The agents gathered early in the FBI’s Special Operations Center in New York City on a chilly spring day in May of 2014. More than a dozen of them crowded around monitors and keyboards, the tension palpable as they pulled up both private websites and secure interagency communications links, connecting them to countries around the globe and to more than 40 domestic FBI Field Offices.
From those offices and other law enforcement centers in countries like Germany, Canada, Denmark, and the U.K., other agents and officers fanned out. Their objective: arrest almost 100 computer hackers responsible for distributing and running a trojan horse program nicknamed “Blackshades.”
For more than two years, the hackers had been infecting people with Blackshades and using it to seize control of their computers. Every file was accessible, complete browsing history, and even microphones and cameras could be turned on to monitor users without their knowledge. The software had been used to blackmail targets that ranged from Miss Teen USA to Swiss banks.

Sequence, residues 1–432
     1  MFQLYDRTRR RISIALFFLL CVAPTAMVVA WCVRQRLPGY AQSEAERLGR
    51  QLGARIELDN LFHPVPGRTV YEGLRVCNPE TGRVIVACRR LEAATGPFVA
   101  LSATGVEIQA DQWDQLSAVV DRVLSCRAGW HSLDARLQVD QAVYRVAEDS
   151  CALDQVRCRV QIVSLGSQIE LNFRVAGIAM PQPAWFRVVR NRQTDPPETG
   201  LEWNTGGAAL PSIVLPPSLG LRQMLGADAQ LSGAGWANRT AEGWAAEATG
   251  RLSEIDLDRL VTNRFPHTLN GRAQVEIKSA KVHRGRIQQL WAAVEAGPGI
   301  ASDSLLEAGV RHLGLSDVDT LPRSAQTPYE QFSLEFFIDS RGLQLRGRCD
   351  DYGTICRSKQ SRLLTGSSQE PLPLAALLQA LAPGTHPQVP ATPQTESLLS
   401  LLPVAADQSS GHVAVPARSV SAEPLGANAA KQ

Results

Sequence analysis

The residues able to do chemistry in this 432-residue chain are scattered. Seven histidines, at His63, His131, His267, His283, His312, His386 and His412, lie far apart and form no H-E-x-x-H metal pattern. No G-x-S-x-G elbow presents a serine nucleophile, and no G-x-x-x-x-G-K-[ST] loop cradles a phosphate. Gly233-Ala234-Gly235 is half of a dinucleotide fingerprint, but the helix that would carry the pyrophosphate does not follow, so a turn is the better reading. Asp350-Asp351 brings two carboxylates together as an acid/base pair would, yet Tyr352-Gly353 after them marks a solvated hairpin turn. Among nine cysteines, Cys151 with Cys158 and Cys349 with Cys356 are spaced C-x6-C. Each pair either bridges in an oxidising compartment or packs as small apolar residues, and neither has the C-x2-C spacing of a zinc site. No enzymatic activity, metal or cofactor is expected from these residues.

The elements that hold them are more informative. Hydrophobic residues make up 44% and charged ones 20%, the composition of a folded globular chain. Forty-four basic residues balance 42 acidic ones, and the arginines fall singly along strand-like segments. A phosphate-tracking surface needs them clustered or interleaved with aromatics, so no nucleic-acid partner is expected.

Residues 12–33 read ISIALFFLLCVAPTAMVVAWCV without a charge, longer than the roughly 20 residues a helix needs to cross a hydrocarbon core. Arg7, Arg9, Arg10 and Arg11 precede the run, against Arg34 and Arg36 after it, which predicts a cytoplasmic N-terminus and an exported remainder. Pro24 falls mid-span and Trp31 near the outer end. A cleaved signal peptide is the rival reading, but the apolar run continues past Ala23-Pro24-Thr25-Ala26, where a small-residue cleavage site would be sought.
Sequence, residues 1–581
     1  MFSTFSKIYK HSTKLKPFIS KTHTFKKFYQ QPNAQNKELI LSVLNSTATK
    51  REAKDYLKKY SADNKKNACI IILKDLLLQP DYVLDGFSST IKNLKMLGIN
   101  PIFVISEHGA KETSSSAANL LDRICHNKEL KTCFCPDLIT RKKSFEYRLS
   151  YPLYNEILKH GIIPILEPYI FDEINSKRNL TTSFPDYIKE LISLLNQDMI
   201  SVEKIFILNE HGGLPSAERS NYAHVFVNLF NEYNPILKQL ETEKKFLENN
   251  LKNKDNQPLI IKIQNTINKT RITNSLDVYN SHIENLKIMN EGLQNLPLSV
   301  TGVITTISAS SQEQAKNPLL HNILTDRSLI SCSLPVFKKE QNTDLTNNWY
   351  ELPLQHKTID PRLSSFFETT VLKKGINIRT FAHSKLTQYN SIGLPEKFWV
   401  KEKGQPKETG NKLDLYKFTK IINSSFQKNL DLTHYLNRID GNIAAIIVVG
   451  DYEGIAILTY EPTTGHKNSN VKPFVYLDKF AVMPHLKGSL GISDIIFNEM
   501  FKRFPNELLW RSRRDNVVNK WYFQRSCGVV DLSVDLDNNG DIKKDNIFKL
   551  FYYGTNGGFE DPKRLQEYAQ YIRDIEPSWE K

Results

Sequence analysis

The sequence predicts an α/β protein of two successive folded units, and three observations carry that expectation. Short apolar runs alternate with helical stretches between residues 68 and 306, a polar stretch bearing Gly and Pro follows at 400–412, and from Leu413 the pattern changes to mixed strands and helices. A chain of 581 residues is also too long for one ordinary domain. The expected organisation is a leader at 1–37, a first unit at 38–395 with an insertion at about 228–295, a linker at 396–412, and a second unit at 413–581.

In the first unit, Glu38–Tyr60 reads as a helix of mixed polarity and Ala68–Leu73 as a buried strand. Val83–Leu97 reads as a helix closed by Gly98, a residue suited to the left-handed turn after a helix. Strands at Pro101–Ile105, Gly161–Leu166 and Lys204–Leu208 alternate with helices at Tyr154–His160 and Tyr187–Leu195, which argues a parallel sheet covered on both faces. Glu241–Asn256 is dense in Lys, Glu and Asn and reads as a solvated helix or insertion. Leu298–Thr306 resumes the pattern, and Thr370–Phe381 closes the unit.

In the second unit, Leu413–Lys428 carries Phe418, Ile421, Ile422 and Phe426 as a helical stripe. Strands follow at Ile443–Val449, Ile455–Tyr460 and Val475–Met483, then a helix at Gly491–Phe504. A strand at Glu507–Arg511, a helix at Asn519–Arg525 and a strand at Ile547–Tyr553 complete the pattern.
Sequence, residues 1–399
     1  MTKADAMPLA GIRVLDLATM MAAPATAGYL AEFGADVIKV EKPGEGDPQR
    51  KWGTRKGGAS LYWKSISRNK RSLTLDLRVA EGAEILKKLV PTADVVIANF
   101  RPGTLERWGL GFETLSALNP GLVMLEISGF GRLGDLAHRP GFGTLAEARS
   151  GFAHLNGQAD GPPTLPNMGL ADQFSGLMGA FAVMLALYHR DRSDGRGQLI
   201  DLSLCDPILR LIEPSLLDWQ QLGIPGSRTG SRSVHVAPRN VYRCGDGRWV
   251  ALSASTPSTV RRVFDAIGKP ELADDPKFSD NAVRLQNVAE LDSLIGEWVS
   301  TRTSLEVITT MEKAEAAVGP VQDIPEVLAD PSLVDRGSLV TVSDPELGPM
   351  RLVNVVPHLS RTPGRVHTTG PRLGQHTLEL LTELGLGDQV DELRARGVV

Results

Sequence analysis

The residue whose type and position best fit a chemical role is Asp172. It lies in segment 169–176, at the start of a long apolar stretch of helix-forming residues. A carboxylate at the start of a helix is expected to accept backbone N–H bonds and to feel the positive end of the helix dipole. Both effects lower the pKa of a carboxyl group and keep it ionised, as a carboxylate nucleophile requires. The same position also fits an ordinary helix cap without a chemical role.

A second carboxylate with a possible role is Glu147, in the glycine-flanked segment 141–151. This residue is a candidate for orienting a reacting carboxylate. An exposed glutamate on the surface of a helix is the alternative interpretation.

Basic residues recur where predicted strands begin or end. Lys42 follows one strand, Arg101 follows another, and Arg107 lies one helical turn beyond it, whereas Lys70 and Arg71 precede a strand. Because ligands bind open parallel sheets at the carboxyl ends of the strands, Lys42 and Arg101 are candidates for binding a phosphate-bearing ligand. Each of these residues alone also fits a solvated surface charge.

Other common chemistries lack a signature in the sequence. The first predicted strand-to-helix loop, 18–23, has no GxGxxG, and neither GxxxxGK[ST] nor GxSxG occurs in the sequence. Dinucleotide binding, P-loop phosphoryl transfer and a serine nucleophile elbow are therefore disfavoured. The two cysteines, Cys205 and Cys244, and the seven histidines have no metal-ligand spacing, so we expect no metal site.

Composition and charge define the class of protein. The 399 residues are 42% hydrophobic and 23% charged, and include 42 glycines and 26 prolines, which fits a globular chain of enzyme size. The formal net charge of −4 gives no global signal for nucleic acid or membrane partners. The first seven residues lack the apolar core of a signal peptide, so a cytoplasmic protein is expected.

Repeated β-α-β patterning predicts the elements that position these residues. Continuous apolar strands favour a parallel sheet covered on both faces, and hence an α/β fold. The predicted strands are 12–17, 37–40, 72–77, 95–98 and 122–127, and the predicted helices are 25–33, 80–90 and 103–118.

As the day progressed, the monitors flickered with updates. The main site where Blackshades was available for sale suddenly displayed a large Department of Justice logo and text saying “This Domain Has Been Seized.” The FBI had taken it down.
Other monitors reported progress across the country and overseas; 300 search warrants executed, 90 hackers taken into custody in 17 different countries.
Finally, another monitor showed more than 700,000 active Blackshades infections plotted on a map, identifying users who still had to be notified that they had been owned, but now were safe.
It was all in a day’s work for the FBI’s Cyber Crimes Division.
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An Old Job On a New Beat
The FBI has been investigating computer crimes since at least the 1980s but the first task forces specifically assembled to combat cybercrime weren’t organized until 1991. The incidences of cybercrime grew as fast as the Internet, however, prompting the Bureau to form its Cyber Crimes Division in 2002 to centralize its cybersecurity resources.